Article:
Additionally, throughout the '21 spring semester, our department is hosting an ongoing Racial Equity & Social Justice Challenge. This program encourage participants to engage with items from our collections that will facilitate and deepen their awareness of a variety of social justice issues, and features a number of titles relevant to Black History Month. If you'd like to join us, take a look at the Challenge Guide.

For the other three playlists in our Black History Month feature we will focus on the voices and innovations of black artists in genres where they are often overlooked, or excluded. To start, we present here a curated list of Rock musicians and bands from the genre’s inception to the present day. Here, we illustrate and outline a handful of the black artists who drove the genre forward, keeping it fresh into the new decade, from rock, to punk, to metal, and back again.

Playlist Resources & Further Reading

Continuing in our celebration of contributions and innovations by black artists to genres wherein their voices are often forgotten or overlooked, we present a curated playlist of black songs that have influenced and driven the sounds of folk and country music for over a hundred years.

Playlist Resources & Further Reading

Our final playlist in our Black History Month series explores the contributions and innovations made by black musicians in the rapidly evolving electronic music genre. While much debate exists over the true beginnings of music made entirely with electronic instruments, one thing that is certain is black artists have been at the forefront of exploring the capabilities of electronic compositions, pushing the types of music that can be created entirely with synthetic instruments to new heights with each decade.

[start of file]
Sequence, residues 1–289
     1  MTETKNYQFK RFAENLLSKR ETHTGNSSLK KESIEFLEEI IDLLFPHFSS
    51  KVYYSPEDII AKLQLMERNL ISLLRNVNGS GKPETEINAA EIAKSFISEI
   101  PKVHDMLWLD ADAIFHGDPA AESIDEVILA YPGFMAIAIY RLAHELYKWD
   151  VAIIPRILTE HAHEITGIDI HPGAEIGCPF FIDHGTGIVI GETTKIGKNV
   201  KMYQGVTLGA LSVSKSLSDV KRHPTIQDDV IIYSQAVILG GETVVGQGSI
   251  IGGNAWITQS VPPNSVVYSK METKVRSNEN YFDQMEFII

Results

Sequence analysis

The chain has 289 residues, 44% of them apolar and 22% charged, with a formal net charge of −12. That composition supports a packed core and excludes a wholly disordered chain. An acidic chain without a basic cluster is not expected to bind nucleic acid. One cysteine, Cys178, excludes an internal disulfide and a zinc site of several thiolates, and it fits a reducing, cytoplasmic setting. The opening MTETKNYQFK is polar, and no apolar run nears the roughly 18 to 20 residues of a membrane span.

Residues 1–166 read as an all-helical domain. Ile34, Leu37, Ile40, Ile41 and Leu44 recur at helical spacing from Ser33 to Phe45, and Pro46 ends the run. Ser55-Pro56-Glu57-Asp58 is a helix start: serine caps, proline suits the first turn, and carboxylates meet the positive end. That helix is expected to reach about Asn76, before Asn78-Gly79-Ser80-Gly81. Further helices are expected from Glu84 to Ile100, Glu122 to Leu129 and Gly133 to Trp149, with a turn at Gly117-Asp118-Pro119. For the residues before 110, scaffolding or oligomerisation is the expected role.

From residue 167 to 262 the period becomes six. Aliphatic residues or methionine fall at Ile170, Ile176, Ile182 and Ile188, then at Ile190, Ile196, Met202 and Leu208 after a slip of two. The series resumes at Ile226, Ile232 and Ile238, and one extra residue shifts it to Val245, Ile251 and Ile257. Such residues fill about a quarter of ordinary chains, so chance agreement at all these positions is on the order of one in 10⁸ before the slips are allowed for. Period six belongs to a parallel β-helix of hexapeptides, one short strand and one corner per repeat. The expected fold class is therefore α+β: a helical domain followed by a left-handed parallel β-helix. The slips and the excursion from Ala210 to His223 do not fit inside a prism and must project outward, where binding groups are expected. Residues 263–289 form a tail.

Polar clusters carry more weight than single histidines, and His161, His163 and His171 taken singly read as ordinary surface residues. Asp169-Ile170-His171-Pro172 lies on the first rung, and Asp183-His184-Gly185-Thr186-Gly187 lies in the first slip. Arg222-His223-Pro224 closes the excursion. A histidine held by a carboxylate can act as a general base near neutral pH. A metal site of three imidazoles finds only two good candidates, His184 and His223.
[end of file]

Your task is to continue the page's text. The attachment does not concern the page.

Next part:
Playlist Resources & Further Reading

Recent Additions

cover of book described. title and author information, image depicts a map against a black background

Circle in the Darkness

Circle in the Darkness recounts veteran journalist Diana Johnstone's lifelong effort to understand what is going on in the world, seeking the truth about our troubled times beyond the veils of government propaganda and media deception. For Johnstone, the political is personal. From her experience of Cold War hostilities as a student in Yugoslavia, in the movement against the U.S. war against Vietnam, in May '68, in professional and alternative journalism, in the historic peace movement of the 1980s that led to the reunification of Germany, in the transformation of the German Greens from peace to war party and the European Union's sacrifice of democracy to "globalization", her critical viewpoint dissects events and identifies trends. She recounts in detail how the Western left betrayed its historical principles of social justice and peace and let itself be lured into approval of aggressive U.S.-NATO wars on the fallacious grounds of "human rights". Subjects range from caustic analysis of the pretentious confusion of French philosophers to the stories of many courageous individuals whose struggle for peace and justice ended in deep personal tragedy, with a great deal in between.Circle in the Darkness is a lucid, uncompromising tour through half a century of contemporary history intended especially for those who may aspire against all obstacles to change its course for the better.

cover of book described. author and title text over painting of cityscape

Decades Decline Cinemas Cinema-Going U

Cinema-going was the most popular commercial leisure activity in the United Kingdom during the first half of the twentieth century, with attendance growing significantly during World War II and peaking in 1946 with 1.6 billion recorded admissions. Though "going to the pictures" remained a popular pastime for the remainder of the forties, the transition from war to peacetime altered citizens' leisure habits. During the fifties, a range of factors led to rapid declines in attendance, and by 1965, admissions had plummeted to 327 million. Cinema attendance fell in all regions, but the speed, nature, and extent of this decline varied widely across the United Kingdom. By presenting detailed case studies of two similarly-sized industrial cities, Belfast and Sheffield, this book adds nuance and detail to the discussion of regional variations in film exhibition and audience habits. Using a wide range of sources, such as oral testimony, box-office data, newspapers, and trade journals, Cinemas and Cinema-Going in the United Kingdom conveys the diverse and ever-changing nature of the cinema industry.